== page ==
Four circus flies stand on the four corners of a one inch square shown blue in the pic. When the ringmaster blows his whistle each fly begins to walk directly towards the next fly in a clockwise direction, as shown by the green arrows. As each fly walks is turns so it continues to walk directly towards the next fly, so its direction of motion is always at right angles to the direction of motion of the next fly. Thus each fly walks a curved path and they meet in the middle as shown in red. How far does each fly walk?
Studiot, This seems like a tough one that will require some thought. One minor nit: according to the drawing, the flies are walking counterclockwise (or anticlockwise, as our British cousins would say). As a first guess, the paths look like logarithmic spirals or maybe logarithmic curves.
Anticlockwise? Yes you are quite right I meant to say that. Although if you are under 5 (like me) or watch Mary Poppins or Harry Pottter you say widdershins! It's quite an interesting excercise in vector analysis, but here's a hint. There's a hard way and and easy way.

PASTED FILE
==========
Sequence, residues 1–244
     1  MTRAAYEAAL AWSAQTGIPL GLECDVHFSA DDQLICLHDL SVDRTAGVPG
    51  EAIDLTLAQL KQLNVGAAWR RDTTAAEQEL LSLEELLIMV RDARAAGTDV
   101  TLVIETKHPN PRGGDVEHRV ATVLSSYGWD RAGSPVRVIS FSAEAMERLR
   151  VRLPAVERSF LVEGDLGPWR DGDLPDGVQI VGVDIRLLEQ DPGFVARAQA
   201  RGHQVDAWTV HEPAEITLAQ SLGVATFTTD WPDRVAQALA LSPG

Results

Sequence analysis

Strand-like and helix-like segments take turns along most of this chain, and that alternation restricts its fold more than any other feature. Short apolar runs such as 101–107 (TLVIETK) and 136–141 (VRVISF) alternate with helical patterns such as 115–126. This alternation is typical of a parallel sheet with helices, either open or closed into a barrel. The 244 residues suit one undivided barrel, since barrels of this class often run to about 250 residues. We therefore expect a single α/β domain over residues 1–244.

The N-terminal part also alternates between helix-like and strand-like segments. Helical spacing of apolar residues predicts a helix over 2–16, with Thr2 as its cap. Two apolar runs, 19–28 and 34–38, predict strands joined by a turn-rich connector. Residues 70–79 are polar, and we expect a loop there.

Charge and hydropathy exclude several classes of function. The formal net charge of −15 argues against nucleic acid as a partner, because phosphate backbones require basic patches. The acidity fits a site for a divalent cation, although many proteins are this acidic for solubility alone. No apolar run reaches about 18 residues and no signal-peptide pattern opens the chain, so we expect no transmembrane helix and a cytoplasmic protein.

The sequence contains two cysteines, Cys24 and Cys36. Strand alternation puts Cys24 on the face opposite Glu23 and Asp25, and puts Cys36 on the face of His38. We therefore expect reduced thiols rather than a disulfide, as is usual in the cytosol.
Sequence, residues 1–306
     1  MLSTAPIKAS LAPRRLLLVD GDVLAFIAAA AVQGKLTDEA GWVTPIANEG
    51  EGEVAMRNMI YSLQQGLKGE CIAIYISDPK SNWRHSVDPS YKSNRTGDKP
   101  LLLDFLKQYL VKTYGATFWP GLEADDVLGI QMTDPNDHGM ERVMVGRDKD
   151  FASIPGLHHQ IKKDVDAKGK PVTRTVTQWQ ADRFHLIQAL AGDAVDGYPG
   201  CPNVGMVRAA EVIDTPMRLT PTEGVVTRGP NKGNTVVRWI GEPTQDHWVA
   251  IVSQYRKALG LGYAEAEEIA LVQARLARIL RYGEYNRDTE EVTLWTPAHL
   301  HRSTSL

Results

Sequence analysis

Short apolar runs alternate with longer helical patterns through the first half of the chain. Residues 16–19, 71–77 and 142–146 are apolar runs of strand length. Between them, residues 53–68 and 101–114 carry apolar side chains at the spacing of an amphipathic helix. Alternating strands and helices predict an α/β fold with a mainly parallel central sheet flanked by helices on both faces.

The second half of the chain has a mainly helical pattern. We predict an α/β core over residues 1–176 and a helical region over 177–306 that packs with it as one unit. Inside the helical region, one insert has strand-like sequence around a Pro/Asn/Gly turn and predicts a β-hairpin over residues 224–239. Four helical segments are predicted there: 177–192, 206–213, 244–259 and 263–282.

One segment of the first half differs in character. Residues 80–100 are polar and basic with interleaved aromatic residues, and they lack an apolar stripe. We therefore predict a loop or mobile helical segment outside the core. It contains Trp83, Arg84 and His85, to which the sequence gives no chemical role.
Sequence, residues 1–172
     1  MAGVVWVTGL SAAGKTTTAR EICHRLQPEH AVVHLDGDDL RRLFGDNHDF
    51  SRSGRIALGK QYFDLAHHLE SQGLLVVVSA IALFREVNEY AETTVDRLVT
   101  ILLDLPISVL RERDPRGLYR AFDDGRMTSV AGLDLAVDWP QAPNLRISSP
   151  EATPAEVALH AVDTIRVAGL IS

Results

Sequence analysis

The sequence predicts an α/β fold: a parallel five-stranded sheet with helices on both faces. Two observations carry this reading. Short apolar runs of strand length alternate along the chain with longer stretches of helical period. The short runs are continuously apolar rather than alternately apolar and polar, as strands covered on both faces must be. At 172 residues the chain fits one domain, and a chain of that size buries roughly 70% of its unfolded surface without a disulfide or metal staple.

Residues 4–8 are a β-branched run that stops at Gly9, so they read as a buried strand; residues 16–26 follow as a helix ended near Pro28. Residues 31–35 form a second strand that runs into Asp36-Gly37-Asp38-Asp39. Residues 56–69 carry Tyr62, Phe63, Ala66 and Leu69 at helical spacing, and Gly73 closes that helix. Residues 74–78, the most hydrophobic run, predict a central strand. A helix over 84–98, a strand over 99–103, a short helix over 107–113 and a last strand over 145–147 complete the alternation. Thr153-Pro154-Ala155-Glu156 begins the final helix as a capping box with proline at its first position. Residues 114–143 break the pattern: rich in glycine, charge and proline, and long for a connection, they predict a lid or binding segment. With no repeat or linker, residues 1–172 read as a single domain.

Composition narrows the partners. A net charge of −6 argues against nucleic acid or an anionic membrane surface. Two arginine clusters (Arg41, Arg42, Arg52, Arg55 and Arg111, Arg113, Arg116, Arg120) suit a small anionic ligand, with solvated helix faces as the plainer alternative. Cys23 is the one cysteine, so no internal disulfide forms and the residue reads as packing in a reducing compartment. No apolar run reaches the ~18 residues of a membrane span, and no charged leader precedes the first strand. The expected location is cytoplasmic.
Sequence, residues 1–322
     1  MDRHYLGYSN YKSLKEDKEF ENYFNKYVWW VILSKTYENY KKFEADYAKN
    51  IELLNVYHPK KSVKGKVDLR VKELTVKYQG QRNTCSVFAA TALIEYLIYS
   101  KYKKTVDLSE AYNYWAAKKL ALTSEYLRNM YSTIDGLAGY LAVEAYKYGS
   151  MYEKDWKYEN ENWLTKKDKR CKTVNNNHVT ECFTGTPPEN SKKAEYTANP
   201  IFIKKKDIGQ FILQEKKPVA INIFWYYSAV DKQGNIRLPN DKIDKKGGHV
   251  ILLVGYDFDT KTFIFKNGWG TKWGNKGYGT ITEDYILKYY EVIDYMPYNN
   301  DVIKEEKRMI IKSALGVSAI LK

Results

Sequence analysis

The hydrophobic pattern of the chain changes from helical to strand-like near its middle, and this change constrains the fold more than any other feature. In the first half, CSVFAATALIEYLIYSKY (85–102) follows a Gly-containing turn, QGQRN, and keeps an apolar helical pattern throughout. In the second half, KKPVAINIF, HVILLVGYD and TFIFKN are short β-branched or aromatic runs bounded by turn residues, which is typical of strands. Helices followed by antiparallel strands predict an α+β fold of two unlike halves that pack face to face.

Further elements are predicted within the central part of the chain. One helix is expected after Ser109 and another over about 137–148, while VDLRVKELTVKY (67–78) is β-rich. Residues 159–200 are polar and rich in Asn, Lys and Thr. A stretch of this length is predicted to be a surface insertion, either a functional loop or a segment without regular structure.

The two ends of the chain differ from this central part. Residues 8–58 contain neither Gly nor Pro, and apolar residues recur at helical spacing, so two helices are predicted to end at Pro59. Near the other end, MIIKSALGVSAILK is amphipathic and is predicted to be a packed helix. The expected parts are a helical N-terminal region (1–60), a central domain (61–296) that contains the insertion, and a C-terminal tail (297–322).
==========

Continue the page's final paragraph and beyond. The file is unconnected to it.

I suspect the hard way involves trigonometry and limits. I'm still working on this mornings first cup of coffee, so I've no clue what the easy way might be.
I thought I'd post this one because we have has quite a few questions involving orthogonal vectors lately. It is often forgotten that two vectors at right angles to each other have no effect on each other.
Depends on what operation you perform on them. If you add or subtract them, each has a significant effect on the sum or difference. However, if you multiply them via the dot product, then you get zero. Is that what you're driving at, Studiot?
The flies start exactly one inch apart. One fly starts along the line of the shortest distance (two vectors at right angles) to the next fly. This fly always proceeds along the line of the shortest distance, adjusting its direction to suit. Eventually the fly covers the exactly once inch to meet the next fly. The motion of the next fly is irrelevant because it is at right angles to the motion of the first fly. The actual path traversed is quite complicated, as has been pointed out. You can view this problem as a constantly rotating rectangular coordinate sytem.